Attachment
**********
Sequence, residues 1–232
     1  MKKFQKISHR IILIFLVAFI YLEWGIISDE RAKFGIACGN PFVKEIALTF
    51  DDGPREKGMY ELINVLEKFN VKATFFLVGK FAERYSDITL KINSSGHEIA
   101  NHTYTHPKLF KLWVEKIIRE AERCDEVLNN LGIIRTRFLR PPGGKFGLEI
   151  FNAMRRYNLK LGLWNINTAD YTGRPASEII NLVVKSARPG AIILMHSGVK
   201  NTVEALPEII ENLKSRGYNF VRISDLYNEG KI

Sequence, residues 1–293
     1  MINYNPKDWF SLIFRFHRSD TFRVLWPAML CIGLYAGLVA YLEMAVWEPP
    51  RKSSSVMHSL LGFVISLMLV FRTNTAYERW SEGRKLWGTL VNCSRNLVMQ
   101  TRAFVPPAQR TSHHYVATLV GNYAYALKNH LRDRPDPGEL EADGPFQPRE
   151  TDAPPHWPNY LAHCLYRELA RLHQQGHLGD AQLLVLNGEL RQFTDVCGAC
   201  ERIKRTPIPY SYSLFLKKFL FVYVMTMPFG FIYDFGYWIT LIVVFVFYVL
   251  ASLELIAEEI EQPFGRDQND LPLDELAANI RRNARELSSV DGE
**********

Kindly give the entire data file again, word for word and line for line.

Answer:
Sequence, residues 1–232
     1  MKKFQKISHR IILIFLVAFI YLEWGIISDE RAKFGIACGN PFVKEIALTF
    51  DDGPREKGMY ELINVLEKFN VKATFFLVGK FAERYSDITL KINSSGHEIA
   101  NHTYTHPKLF KLWVEKIIRE AERCDEVLNN LGIIRTRFLR PPGGKFGLEI
   151  FNAMRRYNLK LGLWNINTAD YTGRPASEII NLVVKSARPG AIILMHSGVK
   201  NTVEALPEII ENLKSRGYNF VRISDLYNEG KI

Sequence, residues 1–293
     1  MINYNPKDWF SLIFRFHRSD TFRVLWPAML CIGLYAGLVA YLEMAVWEPP
    51  RKSSSVMHSL LGFVISLMLV FRTNTAYERW SEGRKLWGTL VNCSRNLVMQ
   101  TRAFVPPAQR TSHHYVATLV GNYAYALKNH LRDRPDPGEL EADGPFQPRE
   151  TDAPPHWPNY LAHCLYRELA RLHQQGHLGD AQLLVLNGEL RQFTDVCGAC
   201  ERIKRTPIPY SYSLFLKKFL FVYVMTMPFG FIYDFGYWIT LIVVFVFYVL
   251  ASLELIAEEI EQPFGRDQND LPLDELAANI RRNARELSSV DGE